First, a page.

Monday, March 28, 2011

USA - polystyrene foam cups and plates use less energy, water than paper or corn-based alternatives

A new peer-reviewed study finds that commonly used cups, plates and sandwich containers made of polystyrene foam use significantly less energy and water than comparable paper-based or corn-based (polylactic: PLA) alternatives, primarily due to polystyrene foam's much lower weight.

The life-cycle inventory and greenhouse gas emissions study compares average-weight polystyrene foam, paperboard and PLA cups used for hot (16 ounce) and cold (32 ounce) drinks, 9-inch dinner plates and "clamshell" sandwich containers. 2 Researchers modelled energy consumption, water use, solid waste (by weight and volume) and greenhouse gas emissions for each product resulting ! from production, transportation and disposal. Some key findings:

Energy use: Polystyrene foam products consume significantly less energy than the alternatives-half as much as wax-coated paperboard cups and one-third as much as PLA clamshells. Water use: Polystyrene foam products use significantly less water than the alternatives-up to four times less than PLA clamshells.

Solid waste: Polystyrene foam products create significantly less solid waste by weight than the alternatives-up to five times less than paperboard and PLA products.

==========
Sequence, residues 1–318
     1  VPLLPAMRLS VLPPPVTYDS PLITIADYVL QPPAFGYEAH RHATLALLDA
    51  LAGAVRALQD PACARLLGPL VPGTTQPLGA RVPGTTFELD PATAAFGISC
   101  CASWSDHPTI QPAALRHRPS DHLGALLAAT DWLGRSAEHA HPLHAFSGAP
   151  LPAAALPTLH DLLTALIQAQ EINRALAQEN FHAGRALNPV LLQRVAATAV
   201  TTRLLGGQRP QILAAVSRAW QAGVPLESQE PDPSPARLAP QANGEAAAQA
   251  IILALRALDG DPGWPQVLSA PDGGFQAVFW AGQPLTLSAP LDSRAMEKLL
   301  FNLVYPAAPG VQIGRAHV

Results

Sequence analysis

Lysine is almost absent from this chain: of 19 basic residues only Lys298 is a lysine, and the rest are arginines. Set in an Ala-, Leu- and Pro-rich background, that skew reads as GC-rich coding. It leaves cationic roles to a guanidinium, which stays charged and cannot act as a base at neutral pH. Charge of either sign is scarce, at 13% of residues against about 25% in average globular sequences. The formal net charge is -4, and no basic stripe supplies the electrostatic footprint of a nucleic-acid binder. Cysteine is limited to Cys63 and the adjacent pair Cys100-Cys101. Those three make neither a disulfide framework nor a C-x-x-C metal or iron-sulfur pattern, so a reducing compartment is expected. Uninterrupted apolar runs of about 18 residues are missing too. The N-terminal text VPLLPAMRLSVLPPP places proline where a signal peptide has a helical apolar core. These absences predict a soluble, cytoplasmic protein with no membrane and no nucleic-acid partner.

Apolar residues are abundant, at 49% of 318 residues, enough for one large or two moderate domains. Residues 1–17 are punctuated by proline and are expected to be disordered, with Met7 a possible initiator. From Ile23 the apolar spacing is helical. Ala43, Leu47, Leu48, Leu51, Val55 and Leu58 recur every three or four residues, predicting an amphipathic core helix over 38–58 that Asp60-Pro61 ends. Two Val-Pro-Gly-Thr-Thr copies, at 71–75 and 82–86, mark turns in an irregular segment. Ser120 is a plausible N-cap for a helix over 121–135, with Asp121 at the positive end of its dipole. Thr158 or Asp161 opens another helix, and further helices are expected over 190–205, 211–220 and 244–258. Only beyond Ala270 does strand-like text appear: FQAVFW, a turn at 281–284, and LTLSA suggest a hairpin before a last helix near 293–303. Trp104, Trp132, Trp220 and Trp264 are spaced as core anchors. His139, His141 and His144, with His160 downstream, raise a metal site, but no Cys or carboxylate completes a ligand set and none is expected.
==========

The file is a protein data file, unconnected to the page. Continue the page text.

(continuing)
Polystyrene foam cups for hot drinks create less waste by volume than the alternatives-significantly less than paperboard cups with corrugated sleeves used for insulation.

Greenhouse gases: Polystyrene foam products generate slightly more greenhouse gas emissions than PLA products, expressed as net CO2 equivalents. If paperboard products do not degrade after disposal, they store carbon and generate fewer greenhouse gas emissions than polystyrene foam products; however, if paperboard products degrade to the maximum extent, they generate more greenhouse gas emissions than polystyrene foam products, so comparisons of greenhouse gas emissions vary widely depending on assumptions about the degradation of paperboard products.

The study's authors found that lower weight products with similar functionality-such as polystyrene foam products composed of more than 90% air-generally produce smaller environmental burdens.Although PLA is corn-based, the study notes: "According to the [PLA producer] NatureWorks LLC website, PLA does not biodegrade in landfills."Copies of the report on the study Life cycle inventory of foam polystyrene, paper-based, and PLA foodservice products (0.8 MB) can be downloaded from:!%20tp:/

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